Northwest Arkansas Times from Fayetteville, Arkansas on July 21, 1974 · Page 17
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July 21, 1974

Northwest Arkansas Times from Fayetteville, Arkansas · Page 17

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Fayetteville, Arkansas
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Sunday, July 21, 1974
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Page 17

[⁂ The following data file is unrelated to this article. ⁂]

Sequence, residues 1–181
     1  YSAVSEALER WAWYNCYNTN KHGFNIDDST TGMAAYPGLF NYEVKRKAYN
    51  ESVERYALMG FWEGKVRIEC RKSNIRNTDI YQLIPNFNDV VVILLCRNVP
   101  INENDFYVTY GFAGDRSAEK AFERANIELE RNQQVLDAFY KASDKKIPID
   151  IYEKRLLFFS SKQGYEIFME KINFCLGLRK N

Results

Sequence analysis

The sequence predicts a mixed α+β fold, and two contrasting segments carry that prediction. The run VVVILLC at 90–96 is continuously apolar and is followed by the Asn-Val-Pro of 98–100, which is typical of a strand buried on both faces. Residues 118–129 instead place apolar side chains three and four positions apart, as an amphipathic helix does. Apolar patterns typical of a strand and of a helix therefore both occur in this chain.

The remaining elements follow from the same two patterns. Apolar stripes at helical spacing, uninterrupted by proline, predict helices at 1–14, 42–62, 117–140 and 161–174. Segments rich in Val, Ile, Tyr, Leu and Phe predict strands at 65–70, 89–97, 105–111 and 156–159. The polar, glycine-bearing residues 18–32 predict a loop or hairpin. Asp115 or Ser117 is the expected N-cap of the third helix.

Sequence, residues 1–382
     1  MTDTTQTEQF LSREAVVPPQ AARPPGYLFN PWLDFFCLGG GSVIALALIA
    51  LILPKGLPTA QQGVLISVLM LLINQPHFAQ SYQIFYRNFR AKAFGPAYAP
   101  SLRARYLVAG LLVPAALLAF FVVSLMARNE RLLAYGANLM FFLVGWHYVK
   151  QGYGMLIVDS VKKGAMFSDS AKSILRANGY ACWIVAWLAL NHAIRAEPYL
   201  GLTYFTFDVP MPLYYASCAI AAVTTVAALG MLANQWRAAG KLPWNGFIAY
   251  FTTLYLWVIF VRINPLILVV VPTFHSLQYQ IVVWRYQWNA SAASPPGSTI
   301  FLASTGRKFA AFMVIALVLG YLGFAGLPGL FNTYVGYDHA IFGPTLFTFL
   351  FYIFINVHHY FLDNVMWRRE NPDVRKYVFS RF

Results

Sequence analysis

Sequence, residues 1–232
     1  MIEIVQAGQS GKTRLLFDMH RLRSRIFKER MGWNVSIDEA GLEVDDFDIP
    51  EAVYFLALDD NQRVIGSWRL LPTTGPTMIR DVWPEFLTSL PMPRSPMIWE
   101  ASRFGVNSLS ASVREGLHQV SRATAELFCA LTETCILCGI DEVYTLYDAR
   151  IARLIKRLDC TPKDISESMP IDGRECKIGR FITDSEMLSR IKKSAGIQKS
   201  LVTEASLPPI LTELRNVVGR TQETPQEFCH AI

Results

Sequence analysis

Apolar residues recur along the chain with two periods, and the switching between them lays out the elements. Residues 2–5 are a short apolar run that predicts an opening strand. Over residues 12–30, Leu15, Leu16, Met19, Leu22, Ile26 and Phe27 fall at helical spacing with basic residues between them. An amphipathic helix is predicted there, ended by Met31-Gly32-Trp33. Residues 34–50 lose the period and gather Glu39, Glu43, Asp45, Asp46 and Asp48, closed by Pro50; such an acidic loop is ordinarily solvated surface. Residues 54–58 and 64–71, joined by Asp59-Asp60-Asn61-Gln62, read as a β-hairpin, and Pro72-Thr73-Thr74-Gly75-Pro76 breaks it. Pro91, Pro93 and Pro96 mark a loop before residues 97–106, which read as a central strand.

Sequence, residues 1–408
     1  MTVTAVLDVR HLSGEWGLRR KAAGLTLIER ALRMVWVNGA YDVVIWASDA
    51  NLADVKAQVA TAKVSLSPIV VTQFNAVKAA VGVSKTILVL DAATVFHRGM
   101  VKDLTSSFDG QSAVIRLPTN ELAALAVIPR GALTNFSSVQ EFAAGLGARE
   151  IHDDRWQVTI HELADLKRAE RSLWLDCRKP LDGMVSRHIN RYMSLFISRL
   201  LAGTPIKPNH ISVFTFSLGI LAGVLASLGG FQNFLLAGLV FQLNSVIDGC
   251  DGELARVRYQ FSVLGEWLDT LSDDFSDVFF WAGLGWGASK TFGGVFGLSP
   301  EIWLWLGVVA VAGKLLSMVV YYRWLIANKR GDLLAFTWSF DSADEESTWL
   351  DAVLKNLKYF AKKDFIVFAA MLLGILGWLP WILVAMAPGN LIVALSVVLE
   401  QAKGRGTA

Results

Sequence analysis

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·niiininiiH Aubrey Shepherd Saturday Canoeing By The Flintside ;flll!l!l!ll!!J!!lli!;i!llllllllllllll!!!l!tll!;[|l!l!|||||ll!l!!||jlU On about any summer Saturday afternoon, 62 Canoes are rented out by Flintside Park; located "where flint Creek meets the beautiful Illinois River." If the name seems unfamiliar to old hands on the Illinois, it is because the camp and its associated canoe set vice formerly were known as Riverside. The spot is only 70 miles east of Tulsa and closer than that to the increasingly urban Northwest Arkansas area, making it easily accessible to thousands of weekend outdoors lovers. Like several other resorts on the Illinois, Flintside: provides a wide variety of services besides the shuttling of canoes. Well-equipped camp grounds include restroom and shower facilities, electricity and water and sewer hookups, picnic tables and charcoal grills. A playground for small children and horseshoe pitching facilities help entertain those who require artificial activities. Swimming in Flint Creek is delightful, because of that stream's clarity and purity. This year the Illinois is not as clear as usual, probably because of the undercutting of banks and other changes which occurred in the' river's channel during the unusually long Eeriods of high water this spring. But as the level alls, the river itself is clearing. The prices for floating the river are pretty much standard up and down the Illinois. A float of 6.5 miles for two people using one of Flintside's canoes and being shuttled to the put-in spot, costs about $9.00. Such a float may be completed in maybe 3V hours. Serious fishermen may extend it to an all-day trip. A 21-mile float costs about $18.00 and may last all day or longer, depending on the water level and the paddlers involved. Overnight use of canoes costs more, as does the addition of an extra person to the boat. If a trip is planned anyway and if there is trailer space, canoes may be transported for private owners at a reduced rate. Hauling equipment is modern and appears to be safe. Flintside is to some extent a family- style operation,- with Mr. and Mrs. Ewing Chandler serving as resident managers, assisted on busy weekends by their son-in-law Joe Welling, numerous grandchildren and Bill Morris, Tulsa Finance Commissioner and co-proprietor (with Joe Welling). Family Operation With the proprietors and managers and family members doing most of the work, this sort of establishment can be depended upon for good service. Big, sturdy canoes are provided, and repairs are done as needed. Life jackets and paddles are relatively new and of modern design. But so much for the equipment; the river's the main thing. The river itself is more threatened than ever before, and it is just dingy enough this summer to let it be known that things are not quite right. No one pollution source can be pin-pointed at the moment. The river is being polluted by various sources. Some towns in Northwest Arkansas must accept part of the blame. Some farmers and cattlemen should share it. Housing developers and road and bridge builders can't escape their share. Quite simply, despite the fact that thousands of people are proving the river's worth by visiting it weekly and reveling in its beauty, very few - are joining .the fight to save it. Unfortunately, it takes only a few irresponsible planners to destroy such a resource. Two proposed projects in the Illinois River basin are presently under attack by citizens groups in Oklahoma and Arkansas. The huge development -called Flint Ridge is attracting notice for its alleged potential for polluting the Illinois River and Flint Creek both by possible sewage leakage and more obviously by increasing the silt : ioad of ; the'normally clear streams through the .clearing.'.of land for development. Old river observers know 'that every stick of wood and every blade of grass removed from the land results in some body of water being just a little bit less clear. Arkansas' contribution to the potential demise of the Illinois River as a truly scenic river is the proposed regional sewage treatment plant for the Fayelteville- Springdale-Rogers area. If secondarily-treated wastes are dumped into the river (rather than being used for agricultural irrigation and fertilization as some suggest) there is little doubt that the Illinois will lose its reputation as a river worthy of a long trip for a few hours of floating and fishing. The River's Spell One of the factors at work in the easy destruction of natural resources presently taking place in America is that the people who understand how to enjoy such things as a beautiful, easy-flowing river running through pastoral scenery are not the sort of people who exercise much political or economic power. Once captivated by the river's spell a person is not likely to forget what real peace and beauty are; and he is not quite as likely to forget his own place in the natural order of creation. Those who would destroy in the name of progress or for profit, in contrast, are traditionally too caught up in the world's business to worry about the earth's health. They too easily let themselves forget or maybe never take time to learn that they are only stewards of the earth, not'its masters, and that their all-too- ea.sy changing of the earth's green robes for a streaker suit of bare dirt and concrete can only make future stewards wonder at their stupidity. Maybe as the number of those enjoying the river increases, more will take time out from enjoying its beauties and speak out to help save it for future generations. Creed Is 'Help Us Help You' Northwest Arkansas TIMES, Sun., July 21, 1974 · SB FAYITTIVILI.1, ARKAMt** ' ' . ABA Works For HOT SPRINGS -- Arkansas fishermen have finally found an organization, which was created for their best, interest in the form of the Arkansas Bass Association. The Arkansas Bass ciation (ABA), organization, is ASSQ. non-profit dedicated to p r o m o t i n g a n d protecting fishing in Arkansas lor Arkansans. The group's lofty goals are ambitious to say the least but they can be .achieved it the state fishermen get behind the effort. · The ADA'S creed is "Help us, Ip you", a simple and direct Billy Murray, h e a d of the ganlzalion, interprets the ought this way, "We ving. the individual an oppor- Healthy Catfish Jay Taylor, new operator of "The Fork" halt shop n e a r War Eagle cove, displays his catch of flathead catfish weighing 18 and 20 pounds. Taylor recently moved to (his area from Missouri City, Mo. Pictured with him are his nephews, Bart Taylor. of Springdale (left) a n d M i k e Taylor of BurkburncH,'Tex. Tips Offered For Pleasure Boaters Pleasure boating accounts for less than one-half of the one per cent of the gasoline used by Americans today; However, during this summer of reduced and expensive fuel, all conservation is important. Listed below are a number' Of hints aimed at helping the recreational boatman save fuel. It is hoped they will prove of interest to you. ' . · Before trailering a boat check tire pressures on car and trailer. Reduce speed when pulling a trailer. Check the owner's manual; for proper maintenance, at various limes throughout the boating season. Keep the engine properly tuned. Check spark plugs, points, timing, idle and cholke adjustments, filters and belts often. - -. · , Temporarily at least, plan cruises . within . . shorter distances of your home port. Operate on as straight a predetermined course as possible. Buddy up on cruises wherever possible. Form boat pools and fish or ski with two or more people at a time. The engine should match the boat when it is properly loaded. It should have enough power to plane the boat easily at a reduced throttle setting. Measure and mix fuel and oi accurately. Be careful not t spill fuel. or oil while fillin. tanks. -. . . Once on, plane throttle bac! as far as possible while remain ing on a..steady plane. Onl operate a boat at maximui RPM in emergencies. A propeller of proper pile can greatly increase engine per formance. An outboard should be situa ted as high on the transom a possible without causing cavita iion. .-,·'. '·_·.- -. ^:.- ,· ::.;:· Be able to launch the retriev your boat quickly and efficient] at boat ramps. Set oyur outboard or lowe. unit at the most efficient ti angle for trolling or cruising Experiment to find the bes angle. Check the trim-tab alignmen on large outboards. Avoid boating when weathe does not permit cruising on th reduced setting. are - thermostat Hints Given For Easing Camping Load Many .outdoor enthusiasts enjoy camping and boating at the same time. They pack a tent, icebox, sleeping bags, a lantern and food aboard their craft and spend weekends --even extended vacations -- at campsites along the shores of lakes and streams. Since space, aboard most family boats is limited, i t . i s necessary to carefully plan the type and amount of gear that goes along. To aid those who have considered trying boat camping, here are some suggestions to lighten the camping load, and make an outing more enjoyable. Depending upon t h e number of persons in your family, it is possible that two small tents will pack better than a single large one. Also i consider the space- and weight-saving nylon tents that backpackers use; some take no more room than a loaf of bread. Food should be repacked in containers that hold the amount you intend to use and no more. Small jars of sugar, coffee, salt and other staple goods usually last for several days. Be sure to pack some folding campstools. Several of these will f a k e little room in a boat and they add a great deal of comfort to your camp oull Some even have folding backs. If you cook over a wood fire, pack a small wire grill wrapped in a couple of heavy p a p e r sacks. The sacks will protect other gear from grease and soot when you put the grill back aboard your boat. Also rub the bottoms and sides of cooking pots with a bar of hand soap. The soap keeps the pot from blackening, and the soot wipes off easily when washed- plane with a Outboards warm-up. There is no need fo long idle periods before contro led for ins tant operation'. ·; K eep all ' fuel M ih'es : . ' c he eke for leaks. Leaking .fuel lines n only waste fuel, but are ver dangerous also. When possible, drift fish the wind instead of trpllin Use, when able, electric fishin - trolling motors for mini maneuvering or slow trolling. Do not load your boat wi unnecessary gear. Balance i passengers and gear for tl best possible trim 1 . Use fuel preservatives to sai fuel for long periods of.. tim Use istrong, vapor-proof stqra. containers. hich threaten and stagnate the sport of fishjng at every level." Murray continued, "We feel that the fishermen themselves arc more aware of problems in this vein and are concerned enough to do something about them. Only by organizing at the state-wide level can we accomplish anything. "Through the ABA, members can work as field representatives in conjunction with various state and federal agencies in helping to expose and solve any adverse situation which arises. KEY IS PARTICIPATION "Arkansas' vast network of . riity to play combating an active part the . problems fishable streams lakes, makes rivers and managemenl for understaffed slate and .federal. agencies a near im possible task, so the importance of .the .participation by concerned fishermen is the key tto the success of the ABA.. "In working together, we can better understand the workings . and concepts of such bodies as tion. he Arkansas Game and Fish Commission, U.S. Corps of Engineers and U.S. Department the of Interior- The fisherman must the lave representation in these agencies in order lo lookout for his best interest," Murray concluded. The threats to Arkansas fishing waters are many. Fishing, which at one time was considered one of the more relaxing sports, has turned into a hectic race for the sportsman's dollar and the angler is the victim. Profit-seeking interest, both outside and within the state, use Arkansas waters and resources with no thought of compensating for these uses. Many industrial and business enterprises have been allowed to pollute the slate' lakes, rivers and streams in an e n d l e s s parade of ecological destruc- In areas of this type, s'ome control must be exerted before abuses take their toll on Arkansas fisherman Floating A Scenic Montana River Makes Couple Want To Do It Again By STEVE MOORE W H I T E . S U L P H U R PRINGS, here's at Mont. (AP) least one way to . scenic' Smith oat Montana's iver twice. Take your, wife .the first time. ie'11 understand then why you ant to; go again. I did it, and now have carle lanche --approval for another rip next summer. But my wife ·ants to go again, too. I billed the trip as a respite rom the household chores and chance to get away from chil- ren. bill paying, shopping and ihatever else a housewife does. It was that and .more. The fpur-day float down one f the region's premier water- vays- began northwest of here n the, rolling grassland cow ountry- of- Central -Montana bc- ween the Big and Little Belt mountain, chains, skirting parts the,-Lewis and.Clark .and Helena national forest's .before ehd- hg about'30 river miles'down- stream. The 110-mile road trip to the starting ' ; point iwas highlighted jy sightings of a golden eagle, trophy-sized antelope and coy otes. Barely -three hours after 6avin'g', 'our Helena, guide eased the two rubbe'r -rafts into the wateri chilled arid high from the spring runoff.. "We'll -stop a . couple hours downstream'.for .lunch," said ilichard Fryhover, who chaperoned the trip and cooked for the seven floaters. .' The 10-man raft I was clums- ly trying to steer finally went its own way, somewhere behind the 14-man boat Fryhover skill- 'ully- pushed downstream. .The Smith is wild trout wa- er, replete with . rainbow and Drowns which soon hogan coming to.our:hodgqpodgc of fly offerings despite 'the high-water conditions.' " , . "This is something," said Craig Petty. He had just hooked a pan-sized rainbow after barely five minutes of in- structions in the art of fly casting. Before sitting ; down for a lunch of fried chicken, hot noodle soup, bean salad and chips, the 19-year-old fisherman had snagged a half dozen rainbows. The river -starts as a mere trickle near the once-booming mining camp of Castle, not knowing really which .way to abrasion and dotted by scores ·flow until .turns north and heads past the historic site of Fort Lupton. Over a 90-rhile trip to its confluence with the Missouri River southwest of Great Falls, the Smith 'winds its. way through limestone cliffs rising 200 feet above the water, marked 'by wind and water of swallow nesls. The first camp was under some of the cliffs and just across from a waterfall gurgling from a mountainside so forested you coulc barely see where a miner once scratched out an existence. There is little evidence ol mankind along much of the Smith. .Wildlife abounds. Floa ters spotted deer, otter, beaver a porcupine, eagles, falcons and hawks along the way. Most of the actual floating was done between 10 a.m. am 5 p.m. The nights were leisure ly; the-mornings even 'more so Fishing was never more thai 25 feet from the tent. this is where the ABA comes in. . . . , '·' While many problems lace the Arkansas angler in varying degrees, one -of the major threats is apathy, according to Murray. He said, "People in Arkansas take the good fishing here for granted. They don't seem to be aware of the very real dangers to the sport.-; we are confronted with. This is where the ABA can again help. LET PUBLIC KNOW "One of our basic responsi- litics will be to let the public low what is happening in ·cry phase of Arkansas shing. Only by exposing; the roblcms will we be able to akc an' effort to correct em," he said. " Members of the ABA " are vailable lo speak anywhere in e state at anytime and they re equally prepared to listen any proposals or situations oncoming the fishermen ire Aransas. ", Murray indicated that - tha BA's legal and technical eprcsentatives can be utilized situations where t h e heed rises. ' ; The organization is currently mbarked on a membership rive, which will blanket the tale. The fee for joining' the BA is $5 per 'person, the roceeds of which go to various spects of Arkansas fish m a n a g e m e n t , as do all rganization funds. '. The nucleus of the ABA is he bass fisherman. Murray xplained, "Bass fishermen orm a large portion of the Aransas fishing populace but more importantly, they are the most organized group- .But this irganizatioh is 'for all. fishermen. As any good biologist nows. the basis for a success- ul fishing program is balance and compatability of ; all p e c i e s . Each' 'individual member is important to tht ABA." /"···' · " The non-profit · theme was stressed. Murray said, "No on» this organization receivei any money for their participation. The only compensation derived is the fact Arkansans will have an active voice n. maintaining_and promoting the good fishing, which abounds in their stale." He concluded, "Fishing in Arkansas at present is second to none in the U.S. and by uniting we can keep it that way. But we have to act now. Remember, the fishing in Lake Eri« was also good at one time.*' Detachable Fillet Board Fayctteville fisherman V n 1 Sharp demonstrates his mefli- od of filleting bast; an a de- tachable hoard which he ant Jim Price recently patented. TRI-LAKES ANTENNA Sales and Service New Uttd AnttnnM . Catar · Btock WMU B«o«terc · T«w«rs Frw Eiilmatt* " 751-7927 ·- Bl-MK ' ItL-tta Striker Traded GREENVILLE, S.C. -- Ken Reaves, who led 10 veteran Atlanta Falcons players in setting up ; "a-picket line at the club's training camp, was traded in a four-player deal with the New Orleans Saints Largemouth Black Bass Two Rogers fishermen recently landed largemonth black has* weighing m o r e than six pounds each n e a r Horseshoe Bend Marina. Everett Schoonover (tell) dis- plays (he six pound, 12 ounce Mass he caught with a Ilcd- don chuggcr lure, Steve Hand caught his six pound, two ounce fish with a plastic worm. V AB VAUGHW BATTERY CO. 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FPM estimates--cover your wood for good. Smith Bros. Construction, Inc. Suite 387, 21 S. College Fayerteville, Ark. 72701 Phone 442-7377 DROP OLJT7 Very unlikely. The successful newspaperboy Is at opposite poles from hH« quitter by the very fact of having a newspaper route. His experience shows him that the rewards for the goof-off era slim; thai there's no room for the quitter and that the laurels of life go lo the person able to meet challenges. He's found that initiative pays big dividends and there is no substitute for learning to deal with people. Guided by men who are trained to work with boys he develops responsible attitudes, and for the first time, money becomes more than o hand-out. Nothing can replace the satisfaction of purchasing with money he's earned on his own. You would be surprised to know how many of today's lenders built their success stories on a newspaperboy foundation. Growing With Northwest Arkansas